Cazenovia Esther Tial was barely a teenager when she escaped from her small village in war-torn Burma in 2004.
Children in Chin villages were being taken from their homes and virtually enslaved by Burmese soldiers, who forced young boys and girls to carry gear and serve them. This brutality still goes on today according to Tial, who says the soldiers use young children as human shields as they patrol the Chin region.
After a harrowing journey through Thailand, 14-year-old Tial arrived in Malaysia, where she lived for three years with other Chin refugees. Through the sponsorship of the UN and local Central New York agencies, she eventually found a safe haven in the small rural village of Cazenovia, where she’s lived for the past two years with a host family.
“Many people have helped me, and I am so grateful to them,” said Tial.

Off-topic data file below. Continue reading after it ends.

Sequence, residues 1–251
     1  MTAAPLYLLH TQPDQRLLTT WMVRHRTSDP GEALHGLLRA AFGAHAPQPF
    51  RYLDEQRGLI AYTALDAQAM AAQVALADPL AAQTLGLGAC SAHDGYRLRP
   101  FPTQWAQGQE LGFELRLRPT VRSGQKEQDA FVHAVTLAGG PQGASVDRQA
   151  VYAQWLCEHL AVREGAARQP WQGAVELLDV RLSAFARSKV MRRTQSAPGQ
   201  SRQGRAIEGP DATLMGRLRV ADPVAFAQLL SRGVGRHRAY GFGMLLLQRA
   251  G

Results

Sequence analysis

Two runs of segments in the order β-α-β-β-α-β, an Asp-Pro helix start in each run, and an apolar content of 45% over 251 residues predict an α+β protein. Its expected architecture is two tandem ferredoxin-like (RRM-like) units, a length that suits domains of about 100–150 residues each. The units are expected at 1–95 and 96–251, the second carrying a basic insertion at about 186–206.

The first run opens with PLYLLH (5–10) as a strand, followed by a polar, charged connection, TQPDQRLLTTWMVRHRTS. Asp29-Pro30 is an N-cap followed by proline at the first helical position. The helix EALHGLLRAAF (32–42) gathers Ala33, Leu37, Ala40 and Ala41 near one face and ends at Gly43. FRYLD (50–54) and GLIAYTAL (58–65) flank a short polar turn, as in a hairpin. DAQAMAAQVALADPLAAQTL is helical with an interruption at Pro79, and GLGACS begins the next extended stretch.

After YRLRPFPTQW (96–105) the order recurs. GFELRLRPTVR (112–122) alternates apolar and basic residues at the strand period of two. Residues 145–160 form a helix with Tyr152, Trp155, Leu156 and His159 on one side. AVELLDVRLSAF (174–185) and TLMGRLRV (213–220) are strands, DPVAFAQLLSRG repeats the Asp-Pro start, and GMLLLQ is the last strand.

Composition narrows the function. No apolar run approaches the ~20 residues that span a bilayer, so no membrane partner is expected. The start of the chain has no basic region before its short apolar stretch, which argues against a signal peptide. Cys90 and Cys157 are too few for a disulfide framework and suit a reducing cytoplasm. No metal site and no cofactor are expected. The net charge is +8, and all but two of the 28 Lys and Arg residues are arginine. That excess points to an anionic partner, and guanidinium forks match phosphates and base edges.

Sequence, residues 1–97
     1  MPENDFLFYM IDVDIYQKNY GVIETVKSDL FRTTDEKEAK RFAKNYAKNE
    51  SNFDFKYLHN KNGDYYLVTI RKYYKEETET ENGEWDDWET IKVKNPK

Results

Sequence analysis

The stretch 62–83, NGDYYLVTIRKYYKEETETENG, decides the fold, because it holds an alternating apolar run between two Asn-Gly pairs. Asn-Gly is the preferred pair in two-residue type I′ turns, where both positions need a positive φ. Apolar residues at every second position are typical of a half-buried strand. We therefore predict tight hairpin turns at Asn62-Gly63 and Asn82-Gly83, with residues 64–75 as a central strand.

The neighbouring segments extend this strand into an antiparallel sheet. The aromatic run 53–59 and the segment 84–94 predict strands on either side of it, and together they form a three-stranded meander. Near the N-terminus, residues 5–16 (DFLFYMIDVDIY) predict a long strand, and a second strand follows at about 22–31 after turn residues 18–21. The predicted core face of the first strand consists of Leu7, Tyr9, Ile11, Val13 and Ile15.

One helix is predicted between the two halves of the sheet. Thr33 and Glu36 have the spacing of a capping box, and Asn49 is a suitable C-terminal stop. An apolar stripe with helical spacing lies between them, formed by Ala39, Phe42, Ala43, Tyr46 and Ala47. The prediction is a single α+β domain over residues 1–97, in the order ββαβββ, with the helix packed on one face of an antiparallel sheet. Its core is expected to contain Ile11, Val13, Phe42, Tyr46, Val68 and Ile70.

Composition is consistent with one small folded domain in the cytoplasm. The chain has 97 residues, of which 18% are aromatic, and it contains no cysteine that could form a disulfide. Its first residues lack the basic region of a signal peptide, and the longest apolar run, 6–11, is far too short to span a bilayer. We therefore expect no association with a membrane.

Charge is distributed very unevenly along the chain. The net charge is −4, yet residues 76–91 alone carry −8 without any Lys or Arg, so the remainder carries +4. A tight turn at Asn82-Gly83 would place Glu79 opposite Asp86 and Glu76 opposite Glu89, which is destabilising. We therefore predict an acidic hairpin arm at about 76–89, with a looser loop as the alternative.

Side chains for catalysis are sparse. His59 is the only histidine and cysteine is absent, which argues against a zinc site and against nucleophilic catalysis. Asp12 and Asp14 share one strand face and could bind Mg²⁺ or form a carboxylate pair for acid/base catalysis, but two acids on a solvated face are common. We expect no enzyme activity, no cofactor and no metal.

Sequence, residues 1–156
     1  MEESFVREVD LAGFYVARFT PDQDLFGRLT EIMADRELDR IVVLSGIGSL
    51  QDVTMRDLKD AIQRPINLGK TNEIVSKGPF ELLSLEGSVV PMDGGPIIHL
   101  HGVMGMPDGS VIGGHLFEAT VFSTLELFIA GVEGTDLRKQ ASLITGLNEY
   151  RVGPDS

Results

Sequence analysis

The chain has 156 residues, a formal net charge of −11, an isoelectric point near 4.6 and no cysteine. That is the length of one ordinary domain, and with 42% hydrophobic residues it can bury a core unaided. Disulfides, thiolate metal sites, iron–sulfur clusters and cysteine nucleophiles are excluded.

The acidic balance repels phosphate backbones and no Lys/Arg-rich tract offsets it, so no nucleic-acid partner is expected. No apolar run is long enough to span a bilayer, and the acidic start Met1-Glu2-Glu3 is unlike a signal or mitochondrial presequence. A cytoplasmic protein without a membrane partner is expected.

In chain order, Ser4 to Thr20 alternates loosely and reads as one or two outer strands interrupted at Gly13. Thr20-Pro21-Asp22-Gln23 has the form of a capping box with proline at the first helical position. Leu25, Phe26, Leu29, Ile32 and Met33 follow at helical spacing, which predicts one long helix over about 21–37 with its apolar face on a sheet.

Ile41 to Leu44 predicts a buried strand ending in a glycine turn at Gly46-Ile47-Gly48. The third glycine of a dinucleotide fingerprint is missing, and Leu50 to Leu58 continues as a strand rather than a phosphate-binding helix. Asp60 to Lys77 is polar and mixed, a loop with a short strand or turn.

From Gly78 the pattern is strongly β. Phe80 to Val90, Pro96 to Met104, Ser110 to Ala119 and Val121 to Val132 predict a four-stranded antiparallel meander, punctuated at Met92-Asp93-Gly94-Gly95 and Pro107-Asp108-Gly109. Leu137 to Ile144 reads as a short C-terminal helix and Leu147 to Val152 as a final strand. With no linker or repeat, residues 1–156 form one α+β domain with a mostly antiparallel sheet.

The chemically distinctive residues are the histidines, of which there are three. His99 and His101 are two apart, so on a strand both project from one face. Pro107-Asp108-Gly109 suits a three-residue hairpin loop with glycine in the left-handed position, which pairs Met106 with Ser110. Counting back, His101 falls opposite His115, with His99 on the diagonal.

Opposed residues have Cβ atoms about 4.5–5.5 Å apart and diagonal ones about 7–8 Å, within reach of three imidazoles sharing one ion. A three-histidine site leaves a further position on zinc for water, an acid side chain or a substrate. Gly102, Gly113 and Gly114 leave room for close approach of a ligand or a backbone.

Tial attends an adult literacy program at Cazenovia Public Library that provides her with a combined tutoring program in English as a Second Language (ESL) and preparation for the GED (high school equivalency) exam.
Hardworking and determined, Esther works long hours at a local restaurant, and keeps in close contact with other Chin Burmese refugees in the CNY area. As she balances work and study, her goal is to receive her GED as well as complete training as a certified nursing assistant.
Like other small towns in Central New York, Cazenovia has seen an influx of refugees and immigrants. Cazenovia Public Library Literacy Coordinators Cindy McCall and Carla Zimmerman have been working with Syracuse-based ProLiteracy to meet the challenges presented by new learners from diverse backgrounds.
In February, ProLiteracy offered a free training workshop in Chittenango for Madison County literacy tutors, organized by Zimmerman. The workshop, run by Mark Cass and Kofi Adai of ProLiteracy, was aimed at helping tutors develop cultural awareness skills as well as specific teaching strategies for better instruction in library literacy programs.